The officer made a drug arrest in the park, and defendant was around and fidgeting with his hands repeatedly going in and out of his pockets. A frisk of defendant for a weapon was reasonable, but a search of his wallet was unjustified. The fact a search incident could have occurred doesn’t work for the state because there was no arrest. Shay v. State, 2018 Ark. App. 101, 2018 Ark. App. LEXIS 112 (Feb. 7, 2018).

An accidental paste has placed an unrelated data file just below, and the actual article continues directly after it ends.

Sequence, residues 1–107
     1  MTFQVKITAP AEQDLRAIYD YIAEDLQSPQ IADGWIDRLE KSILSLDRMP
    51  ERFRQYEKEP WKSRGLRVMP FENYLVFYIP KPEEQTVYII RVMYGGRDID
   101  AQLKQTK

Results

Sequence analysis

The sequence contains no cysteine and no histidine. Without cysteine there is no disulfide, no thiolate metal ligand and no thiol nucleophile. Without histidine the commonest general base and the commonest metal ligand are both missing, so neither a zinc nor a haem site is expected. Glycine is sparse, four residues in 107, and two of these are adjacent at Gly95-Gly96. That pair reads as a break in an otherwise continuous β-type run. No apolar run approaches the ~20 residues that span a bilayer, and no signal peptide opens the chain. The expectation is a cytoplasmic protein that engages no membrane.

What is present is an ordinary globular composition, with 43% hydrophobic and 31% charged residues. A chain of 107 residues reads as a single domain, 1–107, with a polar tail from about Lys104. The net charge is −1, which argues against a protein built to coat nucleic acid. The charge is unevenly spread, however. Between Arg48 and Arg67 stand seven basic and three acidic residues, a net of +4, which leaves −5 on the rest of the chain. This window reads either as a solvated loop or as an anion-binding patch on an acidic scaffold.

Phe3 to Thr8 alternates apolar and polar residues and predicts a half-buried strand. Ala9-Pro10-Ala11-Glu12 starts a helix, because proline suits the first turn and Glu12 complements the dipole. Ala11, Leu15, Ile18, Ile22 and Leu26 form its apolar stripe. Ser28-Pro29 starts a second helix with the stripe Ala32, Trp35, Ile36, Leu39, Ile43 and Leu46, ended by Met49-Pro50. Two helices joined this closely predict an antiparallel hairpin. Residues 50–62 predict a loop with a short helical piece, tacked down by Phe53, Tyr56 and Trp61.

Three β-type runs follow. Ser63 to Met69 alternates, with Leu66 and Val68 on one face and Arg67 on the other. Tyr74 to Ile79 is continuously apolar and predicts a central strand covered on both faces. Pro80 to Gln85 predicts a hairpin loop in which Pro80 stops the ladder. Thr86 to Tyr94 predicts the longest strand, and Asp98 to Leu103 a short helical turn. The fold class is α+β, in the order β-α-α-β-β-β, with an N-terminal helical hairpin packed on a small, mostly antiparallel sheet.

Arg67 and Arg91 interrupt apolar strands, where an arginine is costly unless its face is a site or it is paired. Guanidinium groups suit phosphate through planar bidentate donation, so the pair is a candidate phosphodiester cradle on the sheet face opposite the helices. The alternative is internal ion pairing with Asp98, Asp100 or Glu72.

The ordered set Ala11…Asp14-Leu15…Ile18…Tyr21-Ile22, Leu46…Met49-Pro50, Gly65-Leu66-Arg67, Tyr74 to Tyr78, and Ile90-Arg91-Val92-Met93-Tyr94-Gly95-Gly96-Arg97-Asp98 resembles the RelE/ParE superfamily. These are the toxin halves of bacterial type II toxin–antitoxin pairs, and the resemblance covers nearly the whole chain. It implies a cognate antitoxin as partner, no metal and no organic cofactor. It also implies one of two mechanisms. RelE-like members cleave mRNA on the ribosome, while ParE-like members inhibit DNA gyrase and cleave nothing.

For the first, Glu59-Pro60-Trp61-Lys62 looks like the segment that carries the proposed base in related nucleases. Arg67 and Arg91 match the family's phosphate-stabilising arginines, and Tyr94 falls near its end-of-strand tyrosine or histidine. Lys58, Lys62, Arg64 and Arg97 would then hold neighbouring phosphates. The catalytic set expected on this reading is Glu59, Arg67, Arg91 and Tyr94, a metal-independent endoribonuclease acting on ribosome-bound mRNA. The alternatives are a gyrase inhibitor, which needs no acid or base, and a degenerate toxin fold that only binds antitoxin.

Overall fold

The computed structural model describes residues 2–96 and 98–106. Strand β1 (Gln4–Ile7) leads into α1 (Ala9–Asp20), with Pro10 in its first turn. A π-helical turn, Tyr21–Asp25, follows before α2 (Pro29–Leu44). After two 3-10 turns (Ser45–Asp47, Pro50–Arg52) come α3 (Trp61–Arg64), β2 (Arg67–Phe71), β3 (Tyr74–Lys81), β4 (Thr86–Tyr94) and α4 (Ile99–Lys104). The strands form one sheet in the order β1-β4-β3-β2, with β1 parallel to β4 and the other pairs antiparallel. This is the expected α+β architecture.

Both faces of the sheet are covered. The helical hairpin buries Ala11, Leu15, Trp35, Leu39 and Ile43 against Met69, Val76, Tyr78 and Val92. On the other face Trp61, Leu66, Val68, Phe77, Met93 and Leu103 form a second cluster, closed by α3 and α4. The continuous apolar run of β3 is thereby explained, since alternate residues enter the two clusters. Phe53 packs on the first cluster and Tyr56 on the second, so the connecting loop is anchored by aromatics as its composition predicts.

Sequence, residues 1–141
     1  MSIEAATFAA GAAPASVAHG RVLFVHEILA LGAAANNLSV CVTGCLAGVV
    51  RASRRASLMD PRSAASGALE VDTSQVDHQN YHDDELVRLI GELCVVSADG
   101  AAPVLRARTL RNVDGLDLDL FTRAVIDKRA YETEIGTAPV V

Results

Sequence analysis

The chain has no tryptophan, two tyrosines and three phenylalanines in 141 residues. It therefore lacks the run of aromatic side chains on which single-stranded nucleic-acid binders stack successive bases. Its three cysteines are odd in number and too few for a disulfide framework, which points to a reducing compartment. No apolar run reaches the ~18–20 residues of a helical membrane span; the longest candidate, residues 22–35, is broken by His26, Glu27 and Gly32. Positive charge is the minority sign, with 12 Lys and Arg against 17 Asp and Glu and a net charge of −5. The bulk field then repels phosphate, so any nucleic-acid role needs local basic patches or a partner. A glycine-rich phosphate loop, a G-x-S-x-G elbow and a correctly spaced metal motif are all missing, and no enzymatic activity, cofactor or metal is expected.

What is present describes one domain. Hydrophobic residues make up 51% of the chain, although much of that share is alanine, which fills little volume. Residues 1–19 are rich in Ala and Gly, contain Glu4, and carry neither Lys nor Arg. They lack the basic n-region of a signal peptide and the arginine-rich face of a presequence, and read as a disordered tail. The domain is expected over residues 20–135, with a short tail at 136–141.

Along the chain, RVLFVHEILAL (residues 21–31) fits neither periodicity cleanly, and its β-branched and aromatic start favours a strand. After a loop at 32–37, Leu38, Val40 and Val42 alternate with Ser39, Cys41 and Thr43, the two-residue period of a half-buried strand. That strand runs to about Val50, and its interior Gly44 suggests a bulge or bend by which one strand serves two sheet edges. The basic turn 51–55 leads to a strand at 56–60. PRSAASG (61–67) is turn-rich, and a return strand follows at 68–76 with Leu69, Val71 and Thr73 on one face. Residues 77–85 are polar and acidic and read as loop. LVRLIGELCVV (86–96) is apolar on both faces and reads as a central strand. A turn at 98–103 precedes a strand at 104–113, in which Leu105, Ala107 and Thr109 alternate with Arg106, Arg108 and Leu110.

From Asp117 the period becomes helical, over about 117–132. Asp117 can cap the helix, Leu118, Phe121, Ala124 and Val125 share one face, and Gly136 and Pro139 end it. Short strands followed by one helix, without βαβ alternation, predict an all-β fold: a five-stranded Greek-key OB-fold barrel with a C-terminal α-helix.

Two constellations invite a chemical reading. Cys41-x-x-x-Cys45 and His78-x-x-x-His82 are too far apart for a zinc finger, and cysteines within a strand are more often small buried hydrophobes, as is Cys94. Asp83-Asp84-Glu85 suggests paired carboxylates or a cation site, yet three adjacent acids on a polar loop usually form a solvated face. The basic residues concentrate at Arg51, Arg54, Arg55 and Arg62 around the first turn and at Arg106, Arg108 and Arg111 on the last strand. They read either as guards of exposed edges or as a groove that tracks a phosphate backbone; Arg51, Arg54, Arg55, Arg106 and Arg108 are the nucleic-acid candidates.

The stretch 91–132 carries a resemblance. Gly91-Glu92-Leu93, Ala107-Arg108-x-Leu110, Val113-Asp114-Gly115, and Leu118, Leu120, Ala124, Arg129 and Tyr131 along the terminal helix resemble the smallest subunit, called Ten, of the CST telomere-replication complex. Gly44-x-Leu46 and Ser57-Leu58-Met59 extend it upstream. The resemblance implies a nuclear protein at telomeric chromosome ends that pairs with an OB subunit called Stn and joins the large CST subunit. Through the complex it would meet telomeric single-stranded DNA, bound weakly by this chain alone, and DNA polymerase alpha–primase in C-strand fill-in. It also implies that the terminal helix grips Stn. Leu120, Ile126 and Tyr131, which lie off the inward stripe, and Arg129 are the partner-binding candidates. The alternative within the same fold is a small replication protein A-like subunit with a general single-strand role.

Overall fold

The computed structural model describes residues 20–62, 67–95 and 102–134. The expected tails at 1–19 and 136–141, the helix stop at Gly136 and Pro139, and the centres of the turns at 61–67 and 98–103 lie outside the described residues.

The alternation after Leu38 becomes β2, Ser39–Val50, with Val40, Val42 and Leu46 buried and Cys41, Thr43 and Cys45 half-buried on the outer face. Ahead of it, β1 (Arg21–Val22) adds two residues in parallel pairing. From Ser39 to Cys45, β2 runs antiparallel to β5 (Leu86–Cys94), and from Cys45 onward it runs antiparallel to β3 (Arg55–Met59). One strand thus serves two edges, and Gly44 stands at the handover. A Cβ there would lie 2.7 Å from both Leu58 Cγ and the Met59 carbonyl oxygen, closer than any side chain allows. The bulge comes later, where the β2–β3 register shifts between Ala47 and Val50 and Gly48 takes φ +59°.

The DEA got a search warrant for defendant’s house and previously had a tracking device on his vehicle. When the search warrant was executed, they searched the vehicle parked on the street. There was probable cause as to it, it was mobile and parked in front of his house, and it was subject to seizure for civil forfeiture for having hauled drugs, even if the search warrant didn’t cover defendant’s vehicles at the house. United States v. Dickerson, 2018 U.S. Dist. LEXIS 22099 (W.D. Tex. Feb. 12, 2018).*